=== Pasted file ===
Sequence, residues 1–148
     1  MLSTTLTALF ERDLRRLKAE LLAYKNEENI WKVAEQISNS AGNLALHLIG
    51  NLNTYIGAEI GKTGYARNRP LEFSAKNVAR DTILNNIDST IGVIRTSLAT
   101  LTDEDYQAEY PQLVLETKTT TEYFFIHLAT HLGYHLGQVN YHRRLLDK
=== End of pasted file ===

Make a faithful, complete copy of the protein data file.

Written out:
Sequence, residues 1–148
     1  MLSTTLTALF ERDLRRLKAE LLAYKNEENI WKVAEQISNS AGNLALHLIG
    51  NLNTYIGAEI GKTGYARNRP LEFSAKNVAR DTILNNIDST IGVIRTSLAT
   101  LTDEDYQAEY PQLVLETKTT TEYFFIHLAT HLGYHLGQVN YHRRLLDK